Hey girl, where you going? Netflix gets 'New Girl'

The Internet's No. 1 streaming site signs exclusive deal for past seasons of Fox hit "New Girl," while the home of current episodes -- competitor Hulu -- faces an uncertain future.

Screenshot of New Girl on Netflix
Screenshot by Joan E. Solsman/CNET

As Netflix snags old "New Girl," the fate of new "New Girl" is less certain.

The Internet's top video-streaming site signed a deal with Twentieth Century Fox Television to bring old seasons of Fox's hit comedy "New Girl" to the site exclusively for on-demand streaming. It starts with the first season Monday, and subsequent seasons of the show will be available on Netflix after the broadcast seasons.

Terms weren't disclosed.

The show, which rejuvenated Fox's Tuesday night lineup, draws in the network's highest ratings on the night and particularly resonates with hard-to-reach demographics like young women. That helps it command some of the highest ad rates on television, though its audience ratings petered in the most recent, second season.

"New Girl" is a popular item on streaming-site Hulu, a competitor to Netflix. That Fox found more value farming out old episodes of one of Hulu's biggest shows to a Hulu competitor underscores how viewers turn to the site for new or nearly new TV content rather than a past catalogs.

Gina Brogi, a Twentieth Century Fox executive, called Netflix a "leader in digital distribution" and "an important partner for us" in a statement about the "New Girl" deal.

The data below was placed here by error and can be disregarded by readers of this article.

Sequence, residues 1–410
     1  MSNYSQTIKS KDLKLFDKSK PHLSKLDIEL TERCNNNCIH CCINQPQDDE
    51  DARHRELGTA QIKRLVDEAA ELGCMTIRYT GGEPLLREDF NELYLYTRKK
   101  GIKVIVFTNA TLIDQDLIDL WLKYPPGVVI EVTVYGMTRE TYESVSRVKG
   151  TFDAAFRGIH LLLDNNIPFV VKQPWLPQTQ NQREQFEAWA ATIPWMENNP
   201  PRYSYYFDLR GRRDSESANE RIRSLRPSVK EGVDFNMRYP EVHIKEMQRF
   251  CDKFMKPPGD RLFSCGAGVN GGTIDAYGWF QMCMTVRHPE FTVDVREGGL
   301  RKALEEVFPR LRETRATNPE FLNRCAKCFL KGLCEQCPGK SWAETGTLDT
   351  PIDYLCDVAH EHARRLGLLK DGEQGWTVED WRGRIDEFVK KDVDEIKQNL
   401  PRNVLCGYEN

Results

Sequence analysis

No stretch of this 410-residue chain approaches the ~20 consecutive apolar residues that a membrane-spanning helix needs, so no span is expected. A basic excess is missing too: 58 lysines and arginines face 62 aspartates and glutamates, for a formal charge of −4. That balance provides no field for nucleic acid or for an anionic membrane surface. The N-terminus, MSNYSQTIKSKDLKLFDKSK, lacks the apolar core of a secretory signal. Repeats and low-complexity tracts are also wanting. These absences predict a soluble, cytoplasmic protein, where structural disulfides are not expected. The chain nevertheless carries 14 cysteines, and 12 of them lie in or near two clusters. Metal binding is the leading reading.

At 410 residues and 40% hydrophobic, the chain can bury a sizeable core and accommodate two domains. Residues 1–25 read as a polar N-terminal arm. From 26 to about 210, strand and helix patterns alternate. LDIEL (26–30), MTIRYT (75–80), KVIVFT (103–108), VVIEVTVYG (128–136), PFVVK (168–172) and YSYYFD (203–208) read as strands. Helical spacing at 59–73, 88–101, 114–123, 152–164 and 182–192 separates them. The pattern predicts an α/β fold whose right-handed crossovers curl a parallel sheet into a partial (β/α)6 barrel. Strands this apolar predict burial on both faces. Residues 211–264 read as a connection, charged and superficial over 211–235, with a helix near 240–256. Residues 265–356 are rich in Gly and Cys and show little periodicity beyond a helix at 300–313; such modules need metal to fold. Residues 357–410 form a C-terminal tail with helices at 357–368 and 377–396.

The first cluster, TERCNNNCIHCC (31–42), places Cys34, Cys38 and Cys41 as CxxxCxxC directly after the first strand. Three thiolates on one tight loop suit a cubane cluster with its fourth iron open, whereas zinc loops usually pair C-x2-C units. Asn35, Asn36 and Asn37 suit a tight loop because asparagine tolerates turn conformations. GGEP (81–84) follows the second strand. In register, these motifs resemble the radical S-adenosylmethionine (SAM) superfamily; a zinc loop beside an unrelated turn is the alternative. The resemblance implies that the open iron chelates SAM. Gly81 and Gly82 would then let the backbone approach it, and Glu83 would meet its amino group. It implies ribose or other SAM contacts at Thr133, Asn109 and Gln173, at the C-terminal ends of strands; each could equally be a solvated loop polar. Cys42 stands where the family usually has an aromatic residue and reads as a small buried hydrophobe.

Hulu is also partly owned by the program's parent company. Rupert Murdoch's New York-based 21st Century Fox runs the Fox network and shares ownership of Hulu with ABC-parent Walt Disney Co. and NBC-parent Comcast Corp.

Those owners are trying to sell Hulu at the moment, with a deadline for binding bids coming up. Right now, Hulu posts the latest handful of "New Girl" episodes right after they air for paying subscribers and on a week delay for those who don't.

But the possible sale clouds the future of content on Hulu. While programming from its parents' networks long has been the tentpole of the site, sale negotiations include content rights for shows. With pay-TV operators, private equity firms, a media mogul , a telecom giant , and an Internet company all said to have made bids, the possible outcomes for Hulu -- and viewers' access to new episodes of shows like "New Girl" -- are dizzying.

 

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